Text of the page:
by Charles Beall
One must approach 1983’s Psycho II with an open mind. That is, there will never be a worthy follow-up to Psycho; that film exists and there is nothing that can top it. However, one can wonder what Norman Bates has been up to since his dirty little secret was discovered and that is precisely what Psycho II attempts to accomplish.
The film was released in 1983, a decade wrought with slasher films. Indeed, Psycho II arrives right at the tail end of the beginning of the gore decade and you can see it trying oh-so-hard not to be a slasher movie (but more on that later). What we have here is a film that respects its predecessor, but also tries to break out of its shadow by imitating the film it is trying so hard not to be (but really, really wants to).
The film starts off with the original shower scene, easing into the main titles while looking at the famous Bates mansion. Totally pointless, if I do say so- if you’re trying to break away from the original, you don’t start off your film with one of the most iconic scenes in film history. The shower sequence serves no purpose to the audience. What image comes to you immediately when you hear Psycho? A shower? Precisely. One must trust the audience.
As the catchy tagline so cleverly states, it has been 22 years since Norman Bates was incarcerated and we are witnessing his parole hearing as Psycho II truly opens. Bates (awkwardly played again by the legendary Anthony Perkins) has been deemed “restored to sanity” by the State of California and he is hereby released. “But what about his victims, don’t they have any say?” asks Lila Loomis (played by a deliciously bland Vera Miles), presenting a petition to the courts against his release. Her argument doesn’t hold up, and boy is she angry!
Norman is escorted back to his house on the hill by his psychiatrist (Robert Loggia), where he is immediately haunted by, you guessed it, Mama Bates. As part of his release, Norman is now employed at the diner down the road (the one Norman suggest Marion go to on that stormy night?) as a cook’s assistant. There he meets a waitress named Mary (an annoying Meg Tilly) whom he strikes up a friendship with. After a falling out with her boyfriend, Norman invites her to stay at his motel for the night, free of charge. She reluctantly agrees and walks home with Norman, eventually ending up spending the night in the house after Norman gets into a fight with the motel manager (an awesome Dennis Franz) that has been keeping an eye on the place.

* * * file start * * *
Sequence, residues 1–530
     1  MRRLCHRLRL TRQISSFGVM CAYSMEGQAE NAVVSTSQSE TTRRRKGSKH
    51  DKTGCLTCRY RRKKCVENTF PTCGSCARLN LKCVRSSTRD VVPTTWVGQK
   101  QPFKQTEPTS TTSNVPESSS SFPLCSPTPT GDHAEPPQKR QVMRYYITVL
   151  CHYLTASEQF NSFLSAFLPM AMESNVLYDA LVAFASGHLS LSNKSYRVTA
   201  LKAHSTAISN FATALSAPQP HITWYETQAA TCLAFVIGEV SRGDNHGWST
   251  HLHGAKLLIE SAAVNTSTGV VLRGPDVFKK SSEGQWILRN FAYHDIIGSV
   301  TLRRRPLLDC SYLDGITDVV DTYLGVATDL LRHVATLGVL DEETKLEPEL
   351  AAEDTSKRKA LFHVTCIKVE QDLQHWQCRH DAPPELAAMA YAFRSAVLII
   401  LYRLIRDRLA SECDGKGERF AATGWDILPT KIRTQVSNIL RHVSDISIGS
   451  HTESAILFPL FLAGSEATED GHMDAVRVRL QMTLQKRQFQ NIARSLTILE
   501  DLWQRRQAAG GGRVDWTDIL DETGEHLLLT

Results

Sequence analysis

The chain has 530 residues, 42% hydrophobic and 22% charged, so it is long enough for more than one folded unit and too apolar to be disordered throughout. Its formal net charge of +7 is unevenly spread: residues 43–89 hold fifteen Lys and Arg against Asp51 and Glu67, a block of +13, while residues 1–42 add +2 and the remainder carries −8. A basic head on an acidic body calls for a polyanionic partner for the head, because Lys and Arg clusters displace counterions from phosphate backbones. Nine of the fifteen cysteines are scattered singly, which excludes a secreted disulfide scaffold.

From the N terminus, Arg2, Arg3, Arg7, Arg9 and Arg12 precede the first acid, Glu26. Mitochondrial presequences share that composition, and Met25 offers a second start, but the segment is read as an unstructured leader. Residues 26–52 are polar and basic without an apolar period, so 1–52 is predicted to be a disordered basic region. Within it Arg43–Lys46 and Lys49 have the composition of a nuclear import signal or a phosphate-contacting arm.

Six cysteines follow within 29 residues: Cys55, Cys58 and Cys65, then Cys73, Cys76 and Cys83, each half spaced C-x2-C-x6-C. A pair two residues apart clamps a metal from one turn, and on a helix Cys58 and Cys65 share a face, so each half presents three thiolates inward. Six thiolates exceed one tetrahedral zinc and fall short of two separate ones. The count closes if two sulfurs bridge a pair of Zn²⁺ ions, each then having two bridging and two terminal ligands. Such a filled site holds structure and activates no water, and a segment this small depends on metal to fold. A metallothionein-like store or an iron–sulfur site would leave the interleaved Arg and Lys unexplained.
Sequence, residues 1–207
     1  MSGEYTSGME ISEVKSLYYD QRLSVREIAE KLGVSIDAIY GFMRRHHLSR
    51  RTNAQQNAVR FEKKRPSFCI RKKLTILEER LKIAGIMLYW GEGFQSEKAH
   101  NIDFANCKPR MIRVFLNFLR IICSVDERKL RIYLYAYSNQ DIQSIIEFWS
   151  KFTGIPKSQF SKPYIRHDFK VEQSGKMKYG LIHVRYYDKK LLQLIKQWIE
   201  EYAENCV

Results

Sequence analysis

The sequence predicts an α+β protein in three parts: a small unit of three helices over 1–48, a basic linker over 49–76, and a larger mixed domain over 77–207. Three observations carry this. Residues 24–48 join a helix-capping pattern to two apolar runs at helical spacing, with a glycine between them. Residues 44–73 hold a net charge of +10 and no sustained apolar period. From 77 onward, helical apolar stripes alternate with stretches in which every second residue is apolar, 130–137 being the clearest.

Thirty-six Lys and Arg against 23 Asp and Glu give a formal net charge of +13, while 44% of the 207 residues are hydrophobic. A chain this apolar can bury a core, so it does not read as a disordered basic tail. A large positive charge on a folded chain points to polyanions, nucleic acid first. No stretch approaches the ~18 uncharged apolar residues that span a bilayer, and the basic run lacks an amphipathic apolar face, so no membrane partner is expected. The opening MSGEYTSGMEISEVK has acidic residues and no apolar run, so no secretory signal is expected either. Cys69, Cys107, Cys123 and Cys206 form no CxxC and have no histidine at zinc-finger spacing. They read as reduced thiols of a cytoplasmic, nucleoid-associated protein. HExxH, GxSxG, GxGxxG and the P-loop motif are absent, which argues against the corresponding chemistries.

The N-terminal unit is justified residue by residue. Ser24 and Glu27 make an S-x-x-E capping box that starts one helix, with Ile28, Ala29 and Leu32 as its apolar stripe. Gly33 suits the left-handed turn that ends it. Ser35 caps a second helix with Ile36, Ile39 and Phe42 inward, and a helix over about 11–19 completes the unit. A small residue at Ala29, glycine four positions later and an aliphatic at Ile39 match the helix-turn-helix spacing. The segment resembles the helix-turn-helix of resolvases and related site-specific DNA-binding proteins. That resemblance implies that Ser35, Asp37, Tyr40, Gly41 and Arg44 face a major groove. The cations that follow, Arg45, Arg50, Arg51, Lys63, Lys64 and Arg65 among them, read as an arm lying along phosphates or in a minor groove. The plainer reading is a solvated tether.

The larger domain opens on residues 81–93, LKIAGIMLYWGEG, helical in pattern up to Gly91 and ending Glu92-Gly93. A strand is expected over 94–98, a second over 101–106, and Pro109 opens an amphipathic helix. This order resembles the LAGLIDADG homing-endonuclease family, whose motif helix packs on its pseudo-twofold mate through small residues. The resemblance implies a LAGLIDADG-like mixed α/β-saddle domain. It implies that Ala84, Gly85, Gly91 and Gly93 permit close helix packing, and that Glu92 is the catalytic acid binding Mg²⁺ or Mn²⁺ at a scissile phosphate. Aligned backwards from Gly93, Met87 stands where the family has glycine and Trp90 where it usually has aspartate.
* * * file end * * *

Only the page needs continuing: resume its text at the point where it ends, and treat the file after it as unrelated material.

This is the basic setup of Psycho II and it is one of the reasons why it works- to an extent. We are focused on a core group of characters, and there are really only two for the bulk of the film, Norman and Mary. The premise is promising, as Norman begins to receive calls from Mother and he slowly feels that he is losing his grip on reality. Mary attempts to be his rock (or pretends to attempt to), which brings a more human aspect to Norman than we have ever seen before. Perkins is such a brilliant actor, and even though some of the dialogue written for him is weak, he tries his best to humanize Norman in a way that hasn’t been seen before. The slow pacing of the film allows the character to develop even more, drawing the audience into the conflicted mind of Norman Bates. Then, of course, there is the twist that is a bit obvious, yet still clever for a film such as this (a sequel to a classic horror film).
Unfortunately, the film begins to unravel in the final act and the bodies begin to pile up as demanded by the 80s “horror” genre. Then, something totally comes out of left field, something so absurd that it nearly brings down the entire film (but obviously sets it up for Part III).
Psycho II is indeed admirable. Its intentions are of the purest form; director Richard Franklin respects the source material and tries his best to make it a solid mystery/psychological thriller like its predecessor. However, the ending to the film seems tagged on at the last minute and brings down everything the film was so sincerely trying to attempt.
Psycho II is not a worthy follow-up to the original Psycho– there will never be a film that can accomplish that. However, if you throw all of your preconceived notions aside and give it an honest chance, you will be pleasantly surprised if not disappointed at what could have been.
Grade: C+ (but an “A” for effort!)
Tomorrow, Norman Bates is back to normal, but mother is off her rocker…again. Check in, relax, and take a shower with the directorial debut of Anthony Perkins, Psycho III.